When someone asks where you were during the solar eclipse of 2017, what will you tell them?
This celestial event gave millions of people an opportunity to have a mindful experience.
Mindfulness is adding a pause in the moment to be present. It means intentionally taking oneself off autopilot to pay close attention with sight, sound, smell, touch, or taste.
If you watched the cast of the shadows change perception or direction, noticed the light diminish around you, used your skin to note the temperature drop, observed the sun and moon through special dark glasses, listened carefully for birds and crickets tuning into their goodnight songs, extended your lunch longer to enjoy your food for the occasion, or felt something inside you hush in appreciation or awe, then the unique natural eclipse phenomenon was met with mindfulness.
You were present. (more…)
With increasing ability to catch wind of injustice around the world today, fear and anger are sweeping the nation.
While people grapple and cope, unhealthy ways to do so are surfacing.
When a colleague gets credit for your idea, how do you respond? When your spouse spends more time with a hobby or television than with the family, how do you respond? When innocent people are hurt, how do you respond?
Knowing how we respond to one thing is a conscious glimpse in how likely we respond to all things.
Here are three unhealthy habits followed by three healthy alternatives: (more…)
Great leaders habitually check-in and assess if it’s them navigating their day or if it’s really their phone. The little pocket-pal has been called a time thief, a conversation interrupter, and a creator of co-dependency, yet it’s still given major leeway in so many of our lives. (I’m not gonna pretend it doesn’t happen to me.)
To assess whether you have been hijacked by this small device, the following list of ten scenarios should help shed some light onto the little tricks of your oh-so-smart-phone: (more…)
Being seen and heard heals people.
We all experience sadness, frustration or anger. It’s part of being human to ebb and flow in a range of emotions.
They’re gonna come. And they’re gonna go. If we don’t judge them, they’ll go even faster.
Those who can hold the tension of undesirable emotion within themselves, without overreacting as they come and go, are environment changers. They’re frequency holders. They create a path to freedom for others.
Want to up your communication game? Want to maintain your composure? Want to shift a toxic person’s energy? Good deal. Let’s go. (more…)
Flying across the still waters of the lake by jet ski at sun-up last weekend, I caught myself in mid-thought, “When I retire, I’m going to…”
“Woah. STOP. RIGHT. THERE,” I told myself.
A few years ago I’d read an article by a man who told of his vacation with his wife and kids to Hawaii, and while standing on the white sandy beach with the crimsons and pinks of the sunset splashed across the horizon in front them, his wife said, “I can’t wait to come back here next year.” The husband was taken back by this comment. Why all the wishing and waiting to come back when you’re here right now? (more…)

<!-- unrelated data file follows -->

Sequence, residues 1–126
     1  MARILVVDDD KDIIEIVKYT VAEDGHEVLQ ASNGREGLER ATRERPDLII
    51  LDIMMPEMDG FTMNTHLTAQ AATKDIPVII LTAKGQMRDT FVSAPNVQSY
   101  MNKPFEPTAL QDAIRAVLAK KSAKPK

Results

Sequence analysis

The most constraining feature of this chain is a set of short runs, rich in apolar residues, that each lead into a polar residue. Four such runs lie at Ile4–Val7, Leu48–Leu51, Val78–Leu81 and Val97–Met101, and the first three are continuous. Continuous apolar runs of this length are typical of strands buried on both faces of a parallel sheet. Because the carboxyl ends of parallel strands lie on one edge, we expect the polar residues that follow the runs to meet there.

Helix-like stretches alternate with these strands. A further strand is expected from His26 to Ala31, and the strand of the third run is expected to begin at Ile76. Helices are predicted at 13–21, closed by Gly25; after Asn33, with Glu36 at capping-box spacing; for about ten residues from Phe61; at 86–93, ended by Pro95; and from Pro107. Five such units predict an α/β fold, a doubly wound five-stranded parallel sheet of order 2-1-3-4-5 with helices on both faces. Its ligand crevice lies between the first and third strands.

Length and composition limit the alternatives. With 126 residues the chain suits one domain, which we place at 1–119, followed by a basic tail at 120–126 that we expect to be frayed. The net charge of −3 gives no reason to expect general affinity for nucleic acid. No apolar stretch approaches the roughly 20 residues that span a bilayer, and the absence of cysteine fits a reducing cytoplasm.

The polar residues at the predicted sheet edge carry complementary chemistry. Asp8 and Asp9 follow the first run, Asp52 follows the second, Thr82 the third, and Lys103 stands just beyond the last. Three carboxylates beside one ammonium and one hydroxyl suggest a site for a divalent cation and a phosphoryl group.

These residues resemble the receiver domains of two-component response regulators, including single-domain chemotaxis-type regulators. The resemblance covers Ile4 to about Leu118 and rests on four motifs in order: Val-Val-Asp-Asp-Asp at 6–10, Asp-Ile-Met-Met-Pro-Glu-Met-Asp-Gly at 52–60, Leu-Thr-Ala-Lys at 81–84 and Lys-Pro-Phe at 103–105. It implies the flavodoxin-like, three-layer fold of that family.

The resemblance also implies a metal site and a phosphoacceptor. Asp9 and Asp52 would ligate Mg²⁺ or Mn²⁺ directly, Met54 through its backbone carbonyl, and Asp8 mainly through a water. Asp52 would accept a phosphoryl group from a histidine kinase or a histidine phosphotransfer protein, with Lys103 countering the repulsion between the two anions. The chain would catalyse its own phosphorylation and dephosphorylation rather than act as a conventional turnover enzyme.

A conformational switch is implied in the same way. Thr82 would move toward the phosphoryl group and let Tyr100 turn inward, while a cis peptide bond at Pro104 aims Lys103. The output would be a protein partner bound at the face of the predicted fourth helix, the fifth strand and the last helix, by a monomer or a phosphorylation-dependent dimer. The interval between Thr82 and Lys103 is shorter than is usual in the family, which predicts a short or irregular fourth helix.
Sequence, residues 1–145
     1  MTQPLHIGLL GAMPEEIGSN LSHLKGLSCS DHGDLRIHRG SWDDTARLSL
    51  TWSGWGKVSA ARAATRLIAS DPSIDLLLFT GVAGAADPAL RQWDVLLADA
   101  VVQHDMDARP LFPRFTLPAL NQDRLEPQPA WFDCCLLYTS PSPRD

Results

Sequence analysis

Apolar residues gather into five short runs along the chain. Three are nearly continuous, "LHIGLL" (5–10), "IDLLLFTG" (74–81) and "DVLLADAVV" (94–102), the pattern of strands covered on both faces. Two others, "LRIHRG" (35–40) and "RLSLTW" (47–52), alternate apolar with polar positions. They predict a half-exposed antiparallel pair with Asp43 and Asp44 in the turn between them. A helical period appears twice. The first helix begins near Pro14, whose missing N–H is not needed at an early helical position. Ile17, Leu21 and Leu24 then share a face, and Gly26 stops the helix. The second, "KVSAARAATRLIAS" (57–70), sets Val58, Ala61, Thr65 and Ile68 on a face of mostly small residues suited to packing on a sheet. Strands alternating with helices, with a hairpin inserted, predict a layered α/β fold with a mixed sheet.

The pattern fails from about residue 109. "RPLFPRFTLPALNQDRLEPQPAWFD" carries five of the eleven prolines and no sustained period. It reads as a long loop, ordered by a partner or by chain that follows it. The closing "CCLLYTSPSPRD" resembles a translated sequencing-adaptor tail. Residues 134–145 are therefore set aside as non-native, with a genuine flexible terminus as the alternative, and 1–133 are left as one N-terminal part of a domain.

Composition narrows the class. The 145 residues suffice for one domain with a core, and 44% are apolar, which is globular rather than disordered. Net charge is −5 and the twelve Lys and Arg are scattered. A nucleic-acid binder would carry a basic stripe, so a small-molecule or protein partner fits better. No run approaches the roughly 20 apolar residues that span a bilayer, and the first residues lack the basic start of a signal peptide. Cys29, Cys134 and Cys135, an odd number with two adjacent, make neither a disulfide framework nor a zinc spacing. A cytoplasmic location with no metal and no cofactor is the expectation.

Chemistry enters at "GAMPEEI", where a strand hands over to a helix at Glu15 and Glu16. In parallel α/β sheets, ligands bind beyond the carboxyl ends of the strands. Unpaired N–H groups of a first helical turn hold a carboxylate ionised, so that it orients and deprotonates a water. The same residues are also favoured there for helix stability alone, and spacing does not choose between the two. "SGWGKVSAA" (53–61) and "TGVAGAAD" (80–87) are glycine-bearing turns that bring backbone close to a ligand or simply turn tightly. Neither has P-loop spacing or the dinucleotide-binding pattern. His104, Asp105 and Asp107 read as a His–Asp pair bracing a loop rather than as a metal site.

I heard a guy give a testimony once about how he was very vanilla – meaning he didn’t have a major life event he overcame or an inspiring testimony of total transformation. He was just a guy who went through life paying attention.
I connected with his message.
I’ve spent a lot of life just paying attention.
Because of that attention, I found myself naturally leading people to the quiet place beside still waters because I was not in perpetual motion.
As a leadership coach, my biggest asset is the ability to listen, acknowledge and understand what’s being (and not being) said, and reflect back how that impacts a leader and those he or she leads.
The less distraction I experience from my own thoughts, the more effective I become. Thus, the impact my clients experience is greater – 9 times out of 10 calling our work together “life-changing”. (more…)
This month marks 13 years of marriage for my husband and me. Oh, and I think it’s important to point out we’re not soul mates.
My mom told me once “the one” was not out there somewhere. “There are lots of people we’re compatible with, and we get to decide which one we want to spend the rest of our life with,” she said.
Her short quip grounded me that searching for someone outside myself to share a you-complete-me-Jerry-McGuire-moment would just keep me looking for my other half.
And I want to be whole. (more…)
Do you tend to listen more than talk? Would you rather place yourself on the outer edges of a group rather than the middle? Do you feel most effective one-on-one and small groups versus a large group?
If you answered yes, you may have a tendency toward introversion.
Introvert describes a type of person who focuses inward toward ideas and images. They get their energy from being alone. Think of them as deep wells of water from which to slowly draw out something refreshing. (more…)